• Switch up your posture. If your hand habits are tied to the way you sit at your desk, for example, try a new position.


The fewer people you’re around, the lower your chance of infection. When you stay home, you help stop the spread to others, too. Try to stay out of crowded places. 

Follow the guidelines set up in your community regarding masking and occupancy indoors. Your local officials are monitoring the amount of infection in your community and should be able to guide you.

The main way COVID-19 spreads is from person-to-person contact. “Contact” is more than touching. When someone coughs or sneezes near you, droplets from their nose and mouth go into the air. Droplets from a person with COVID-19 have the virus in them. If you breathe the droplets in, the virus gets into your system.

The CDC reports there is evidence the virus can be transmitted if you get within 3 to 6 feet of someone who is infectious for a total of 15 minutes throughout a day. It had previously been believed the exposure had to be 15 minutes at a time.

To protect yourself, you should practice social distancing. This includes staying at least 6 feet away from other people.  

If you start to have mild symptoms like a runny nose and headache, stay home for 5 full days until you feel better. When you do go out, continue to wear a mask for 5 more days. Get tested as soon as possible. Your symptoms could mean you have the infection and could spread it to others.

Also, hospitals and doctor’s offices are dealing with many cases of COVID-19. Going to the doctor for mild symptoms will raise your chance of getting the virus, and make clinics busier.

Call your doctor to get advice on what to do before you head to a clinic or hospital if you have more severe symptoms, such as:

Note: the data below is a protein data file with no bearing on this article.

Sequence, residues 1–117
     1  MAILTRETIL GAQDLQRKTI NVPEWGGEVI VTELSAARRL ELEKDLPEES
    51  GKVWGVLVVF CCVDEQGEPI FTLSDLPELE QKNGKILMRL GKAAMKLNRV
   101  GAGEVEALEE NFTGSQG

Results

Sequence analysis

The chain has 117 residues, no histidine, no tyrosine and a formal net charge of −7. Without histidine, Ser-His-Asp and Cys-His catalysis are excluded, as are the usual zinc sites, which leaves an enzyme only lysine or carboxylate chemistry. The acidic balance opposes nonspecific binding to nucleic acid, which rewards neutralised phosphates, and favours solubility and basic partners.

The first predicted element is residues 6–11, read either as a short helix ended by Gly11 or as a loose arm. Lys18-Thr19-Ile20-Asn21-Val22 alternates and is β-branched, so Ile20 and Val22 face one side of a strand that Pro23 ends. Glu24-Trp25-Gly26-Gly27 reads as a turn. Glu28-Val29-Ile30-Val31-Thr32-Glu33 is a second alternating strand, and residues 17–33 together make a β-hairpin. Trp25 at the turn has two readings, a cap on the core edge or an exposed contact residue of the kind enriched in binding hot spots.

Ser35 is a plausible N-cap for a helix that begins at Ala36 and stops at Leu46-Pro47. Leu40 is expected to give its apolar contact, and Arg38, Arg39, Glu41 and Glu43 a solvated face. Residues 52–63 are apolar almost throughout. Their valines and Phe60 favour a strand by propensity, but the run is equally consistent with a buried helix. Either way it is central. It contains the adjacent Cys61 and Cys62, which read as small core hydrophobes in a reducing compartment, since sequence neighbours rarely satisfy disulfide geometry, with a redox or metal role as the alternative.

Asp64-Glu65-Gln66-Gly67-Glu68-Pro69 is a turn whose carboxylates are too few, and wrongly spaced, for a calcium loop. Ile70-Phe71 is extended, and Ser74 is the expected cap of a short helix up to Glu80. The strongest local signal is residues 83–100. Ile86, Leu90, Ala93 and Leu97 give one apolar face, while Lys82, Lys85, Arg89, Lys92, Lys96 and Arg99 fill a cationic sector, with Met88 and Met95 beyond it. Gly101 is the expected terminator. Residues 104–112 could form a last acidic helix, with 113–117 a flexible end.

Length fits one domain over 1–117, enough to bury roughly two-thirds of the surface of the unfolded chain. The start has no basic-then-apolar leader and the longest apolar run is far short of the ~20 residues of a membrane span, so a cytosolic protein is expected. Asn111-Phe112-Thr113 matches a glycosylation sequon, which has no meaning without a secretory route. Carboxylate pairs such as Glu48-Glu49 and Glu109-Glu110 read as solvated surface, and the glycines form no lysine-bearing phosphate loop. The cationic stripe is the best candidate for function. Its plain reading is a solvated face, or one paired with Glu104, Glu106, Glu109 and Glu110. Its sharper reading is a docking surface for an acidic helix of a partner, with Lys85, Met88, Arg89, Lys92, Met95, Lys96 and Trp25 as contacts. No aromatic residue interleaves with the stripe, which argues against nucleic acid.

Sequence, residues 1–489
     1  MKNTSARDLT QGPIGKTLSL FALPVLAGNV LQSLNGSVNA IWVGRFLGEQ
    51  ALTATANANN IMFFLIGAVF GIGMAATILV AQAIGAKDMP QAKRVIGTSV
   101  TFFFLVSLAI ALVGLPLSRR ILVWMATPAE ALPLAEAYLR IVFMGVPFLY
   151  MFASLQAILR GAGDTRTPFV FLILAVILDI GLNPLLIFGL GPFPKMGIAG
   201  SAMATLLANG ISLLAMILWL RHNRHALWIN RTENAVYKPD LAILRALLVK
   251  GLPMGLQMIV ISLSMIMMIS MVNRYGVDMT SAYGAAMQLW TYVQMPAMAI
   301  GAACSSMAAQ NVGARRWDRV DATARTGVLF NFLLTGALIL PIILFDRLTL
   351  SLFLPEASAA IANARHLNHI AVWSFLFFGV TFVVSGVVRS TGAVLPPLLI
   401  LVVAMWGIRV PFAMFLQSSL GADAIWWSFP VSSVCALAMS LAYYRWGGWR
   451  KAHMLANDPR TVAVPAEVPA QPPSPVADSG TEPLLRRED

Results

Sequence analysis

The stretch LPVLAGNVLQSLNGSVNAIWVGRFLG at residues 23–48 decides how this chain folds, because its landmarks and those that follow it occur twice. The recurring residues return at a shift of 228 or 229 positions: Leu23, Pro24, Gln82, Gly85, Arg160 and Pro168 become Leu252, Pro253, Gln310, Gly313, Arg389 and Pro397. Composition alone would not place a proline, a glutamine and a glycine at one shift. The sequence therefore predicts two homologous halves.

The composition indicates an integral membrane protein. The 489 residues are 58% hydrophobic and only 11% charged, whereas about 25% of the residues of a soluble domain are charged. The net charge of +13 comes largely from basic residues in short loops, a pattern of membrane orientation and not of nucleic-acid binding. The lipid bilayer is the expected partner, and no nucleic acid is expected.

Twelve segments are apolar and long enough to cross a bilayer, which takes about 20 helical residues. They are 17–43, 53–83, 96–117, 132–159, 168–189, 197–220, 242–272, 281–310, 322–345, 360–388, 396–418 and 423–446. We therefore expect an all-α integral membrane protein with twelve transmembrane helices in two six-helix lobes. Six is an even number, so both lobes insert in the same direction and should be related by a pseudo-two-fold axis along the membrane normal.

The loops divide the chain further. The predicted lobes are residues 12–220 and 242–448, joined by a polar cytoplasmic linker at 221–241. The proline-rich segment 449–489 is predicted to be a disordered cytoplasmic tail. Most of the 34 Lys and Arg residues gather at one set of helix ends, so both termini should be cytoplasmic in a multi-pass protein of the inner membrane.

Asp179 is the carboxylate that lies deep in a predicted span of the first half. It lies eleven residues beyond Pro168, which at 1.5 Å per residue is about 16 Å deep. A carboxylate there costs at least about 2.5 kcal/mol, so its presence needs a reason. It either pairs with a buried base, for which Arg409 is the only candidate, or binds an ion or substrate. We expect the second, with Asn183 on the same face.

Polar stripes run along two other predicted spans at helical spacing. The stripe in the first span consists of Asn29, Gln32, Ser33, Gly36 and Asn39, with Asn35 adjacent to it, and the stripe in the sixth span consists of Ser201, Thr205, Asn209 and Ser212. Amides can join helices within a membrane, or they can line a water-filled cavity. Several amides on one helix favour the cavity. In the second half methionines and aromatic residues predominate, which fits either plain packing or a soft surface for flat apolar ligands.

• Coughing
  • A fever
  • Trouble breathing/shortness of breath
  • Headache
  • Nausea or vomiting
  • Diarrhea 
  • Loss of taste and/or smell
  • Muscle aches
  • Sore throat
  • Runny nose or congestion


If you sneeze or cough into your hands, you coat them with germs. If you don't cover your sneezes and coughs at all, it rockets your germs into the air around you toward others. Cover your mouth with the crook of your elbow to protect both you and others. Always wash your hands afterward.

You can also get COVID-19 if you touch something that has the virus on it and then touch your eyes, nose, or mouth. It’s less likely you’ll be infected this way, but it’s still possible.

The virus can survive on plastic and stainless steel for up to 72 hours, so you should regularly wipe down surfaces that you and others touch a lot in your house. These include:

  • Tables and chairs
  • Countertops
  • Light switches
  • Doorknobs
  • Keyboards and touch screens
  • Remote controls
  • Toilets
  • Sinks
  • Cabinet handles

Cleaning and disinfecting are two different steps. Cleaning removes dirt and germs, but it doesn’t kill germs. To kill germs, use a chemical disinfectant on surfaces you’ve already cleaned. Most disinfectants you buy in a store should work to kill the virus that causes COVID-19 on surfaces.

To disinfect electronic surfaces or other things you can’t disinfect with bleach, read their instruction manual, or use an alcohol-based wipe.

Wash clothes and other washable materials as normal to disinfect them. If you’re washing clothes or linens of someone who is ill, use gloves to handle them, and wash your hands afterward. 

COVID-19 is a serious illness. It’s important to take steps to prevent the spread of the coronavirus because:

  • Anyone can spread the virus. Research has found that you can spread it even if you don’t have symptoms or up to 2 days before symptoms start.
  • Some people are more likely than others to become seriously ill. This includes older people, people with other medical conditions, pregnant and recently pregnant people, and newborns.
  • If you get very sick from a COVID-19 infection, you may need to be hospitalized or put on a ventilator to help you breathe. In severe cases, you may die.